The strong male predominance in esophageal and gastroesophageal junctional adenocarcinoma remains unexplained. Sex hormonal influence has been suggested, but not proven. A protective role of dietary phytoestrogen lignans was hypothesized.
A Swedish nationwide population-based case-control study was conducted in 1995-1997, including 181 cases of esophageal adenocarcinoma, 255 cases of gastroesophageal junctional adenocarcinoma, 158 cases of esophageal squamous cell carcinoma, and 806 control subjects. Data on various exposures, including dietary data, were collected through personal interviews and questionnaires. Dietary intake of lignans was assessed using a food frequency questionnaire and categorized into quartiles based on the consumption among the control participants. Unconditional logistic regression was used to calculate odds ratios (ORs) with 95 % confidence intervals (CIs), including adjustment for all established risk factors.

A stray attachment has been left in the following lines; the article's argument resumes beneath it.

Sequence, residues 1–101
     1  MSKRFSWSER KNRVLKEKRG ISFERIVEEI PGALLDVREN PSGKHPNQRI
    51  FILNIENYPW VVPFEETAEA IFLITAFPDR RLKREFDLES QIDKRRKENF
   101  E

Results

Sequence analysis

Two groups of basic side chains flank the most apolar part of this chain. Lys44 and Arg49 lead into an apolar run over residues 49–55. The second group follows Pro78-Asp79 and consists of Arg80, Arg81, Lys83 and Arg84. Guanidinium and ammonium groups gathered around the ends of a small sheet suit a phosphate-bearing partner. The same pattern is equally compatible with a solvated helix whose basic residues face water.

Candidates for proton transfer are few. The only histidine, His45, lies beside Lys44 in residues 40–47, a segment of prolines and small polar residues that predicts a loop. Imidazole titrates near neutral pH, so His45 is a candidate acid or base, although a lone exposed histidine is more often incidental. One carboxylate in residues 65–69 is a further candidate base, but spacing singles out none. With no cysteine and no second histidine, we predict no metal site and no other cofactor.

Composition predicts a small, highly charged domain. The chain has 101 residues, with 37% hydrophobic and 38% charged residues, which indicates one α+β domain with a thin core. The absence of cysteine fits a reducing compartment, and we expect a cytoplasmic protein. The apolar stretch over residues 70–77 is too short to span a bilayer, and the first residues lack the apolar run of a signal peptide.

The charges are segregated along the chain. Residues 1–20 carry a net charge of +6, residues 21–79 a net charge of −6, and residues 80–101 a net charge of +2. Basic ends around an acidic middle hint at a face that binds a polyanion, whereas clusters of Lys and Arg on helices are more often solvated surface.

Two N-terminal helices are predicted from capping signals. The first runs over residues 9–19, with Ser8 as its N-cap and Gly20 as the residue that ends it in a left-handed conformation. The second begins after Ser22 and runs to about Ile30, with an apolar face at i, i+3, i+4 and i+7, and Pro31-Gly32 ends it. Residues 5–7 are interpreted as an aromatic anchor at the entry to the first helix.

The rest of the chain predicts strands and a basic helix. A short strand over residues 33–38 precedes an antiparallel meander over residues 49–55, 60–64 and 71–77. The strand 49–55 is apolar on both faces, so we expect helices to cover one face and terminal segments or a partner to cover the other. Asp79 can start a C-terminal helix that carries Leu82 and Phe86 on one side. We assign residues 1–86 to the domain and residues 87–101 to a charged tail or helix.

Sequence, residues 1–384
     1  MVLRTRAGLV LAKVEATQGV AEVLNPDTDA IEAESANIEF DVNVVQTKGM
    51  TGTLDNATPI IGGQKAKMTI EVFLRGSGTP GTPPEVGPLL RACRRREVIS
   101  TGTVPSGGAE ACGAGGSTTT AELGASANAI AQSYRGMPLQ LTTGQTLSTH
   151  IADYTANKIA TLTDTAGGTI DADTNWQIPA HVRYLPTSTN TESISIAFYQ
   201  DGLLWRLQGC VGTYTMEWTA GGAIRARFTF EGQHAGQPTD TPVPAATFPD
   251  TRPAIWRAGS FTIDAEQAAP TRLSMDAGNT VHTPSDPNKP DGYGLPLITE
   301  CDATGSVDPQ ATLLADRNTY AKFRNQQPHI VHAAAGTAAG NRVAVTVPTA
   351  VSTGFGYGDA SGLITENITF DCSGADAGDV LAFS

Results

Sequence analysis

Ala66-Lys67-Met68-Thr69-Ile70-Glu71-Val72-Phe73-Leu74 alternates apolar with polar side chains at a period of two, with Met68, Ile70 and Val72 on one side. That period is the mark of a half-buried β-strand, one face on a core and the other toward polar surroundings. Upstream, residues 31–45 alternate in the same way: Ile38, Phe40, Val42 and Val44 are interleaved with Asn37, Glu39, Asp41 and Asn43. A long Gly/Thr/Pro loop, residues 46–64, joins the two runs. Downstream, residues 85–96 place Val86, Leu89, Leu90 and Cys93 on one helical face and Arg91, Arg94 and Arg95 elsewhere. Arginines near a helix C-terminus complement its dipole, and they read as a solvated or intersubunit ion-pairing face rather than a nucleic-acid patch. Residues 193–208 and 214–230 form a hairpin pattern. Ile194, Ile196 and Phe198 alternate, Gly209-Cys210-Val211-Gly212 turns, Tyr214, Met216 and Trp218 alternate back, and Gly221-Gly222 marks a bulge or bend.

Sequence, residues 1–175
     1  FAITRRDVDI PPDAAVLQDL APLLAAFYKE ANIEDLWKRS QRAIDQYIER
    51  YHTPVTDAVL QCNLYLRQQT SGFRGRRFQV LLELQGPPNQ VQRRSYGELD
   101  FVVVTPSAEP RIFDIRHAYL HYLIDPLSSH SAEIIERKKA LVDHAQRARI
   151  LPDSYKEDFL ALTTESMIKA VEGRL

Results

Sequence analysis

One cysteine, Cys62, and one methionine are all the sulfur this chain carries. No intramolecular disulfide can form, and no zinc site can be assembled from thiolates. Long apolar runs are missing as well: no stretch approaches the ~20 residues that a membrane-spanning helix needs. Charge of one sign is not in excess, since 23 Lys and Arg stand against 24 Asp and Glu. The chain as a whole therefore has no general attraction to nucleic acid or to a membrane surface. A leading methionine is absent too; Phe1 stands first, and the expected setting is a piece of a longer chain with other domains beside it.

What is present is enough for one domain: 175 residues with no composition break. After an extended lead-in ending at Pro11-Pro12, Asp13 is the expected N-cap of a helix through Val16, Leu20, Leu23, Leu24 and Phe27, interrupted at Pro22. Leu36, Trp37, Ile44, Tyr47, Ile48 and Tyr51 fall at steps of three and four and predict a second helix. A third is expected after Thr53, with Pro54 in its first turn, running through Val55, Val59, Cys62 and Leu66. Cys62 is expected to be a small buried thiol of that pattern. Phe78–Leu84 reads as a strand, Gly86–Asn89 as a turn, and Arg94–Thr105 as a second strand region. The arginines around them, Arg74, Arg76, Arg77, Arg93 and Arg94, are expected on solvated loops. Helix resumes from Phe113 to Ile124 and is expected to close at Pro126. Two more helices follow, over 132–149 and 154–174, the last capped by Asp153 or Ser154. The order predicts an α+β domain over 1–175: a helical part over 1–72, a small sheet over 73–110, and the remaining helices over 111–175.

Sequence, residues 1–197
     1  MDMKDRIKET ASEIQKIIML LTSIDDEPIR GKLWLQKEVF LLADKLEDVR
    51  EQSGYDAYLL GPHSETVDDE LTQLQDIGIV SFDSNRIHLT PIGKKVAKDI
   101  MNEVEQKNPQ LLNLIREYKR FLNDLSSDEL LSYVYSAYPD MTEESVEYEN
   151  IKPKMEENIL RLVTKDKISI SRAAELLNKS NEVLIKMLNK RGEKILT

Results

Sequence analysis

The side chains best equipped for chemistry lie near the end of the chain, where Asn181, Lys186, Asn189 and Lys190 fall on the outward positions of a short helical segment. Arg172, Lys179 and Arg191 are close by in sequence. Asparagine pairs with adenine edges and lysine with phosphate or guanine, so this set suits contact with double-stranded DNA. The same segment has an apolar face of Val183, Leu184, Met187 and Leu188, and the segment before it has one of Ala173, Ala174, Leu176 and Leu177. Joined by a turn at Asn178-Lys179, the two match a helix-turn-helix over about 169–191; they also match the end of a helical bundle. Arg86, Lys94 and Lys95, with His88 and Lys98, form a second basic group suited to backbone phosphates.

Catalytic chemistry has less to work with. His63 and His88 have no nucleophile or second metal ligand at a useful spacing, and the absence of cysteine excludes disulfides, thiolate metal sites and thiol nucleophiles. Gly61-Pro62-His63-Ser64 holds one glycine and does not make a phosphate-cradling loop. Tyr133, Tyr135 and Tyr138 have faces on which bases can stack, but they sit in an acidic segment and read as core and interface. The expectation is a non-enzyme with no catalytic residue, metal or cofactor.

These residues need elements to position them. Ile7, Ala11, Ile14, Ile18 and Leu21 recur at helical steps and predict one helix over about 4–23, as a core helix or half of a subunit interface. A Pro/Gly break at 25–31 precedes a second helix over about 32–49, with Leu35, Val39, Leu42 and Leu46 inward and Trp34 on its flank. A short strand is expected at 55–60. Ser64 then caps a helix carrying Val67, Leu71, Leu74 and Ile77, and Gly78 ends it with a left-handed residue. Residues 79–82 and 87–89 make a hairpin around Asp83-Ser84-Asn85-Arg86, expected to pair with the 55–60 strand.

Participants in the highest quartile of intake of lignans compared with the lowest quartile were at a decreased risk of esophageal adenocarcinoma (OR, 0.65; 95 % CI, 0.38-1.12; p for trend =0.03), gastroesophageal junctional adenocarcinoma (OR, 0.37; 95 % CI, 0.23-0.58; p for trend <0.0001), and these adenocarcinomas combined (OR, 0.45; 95 % CI, 0.31-0.67; p for trend <0.0001). No clear associations were found between lignan intake and risk of esophageal squamous cell carcinoma.
This population-based study indicates that a high dietary intake of lignans decreases the risk of adenocarcinoma of the esophagus and gastroesophageal junction.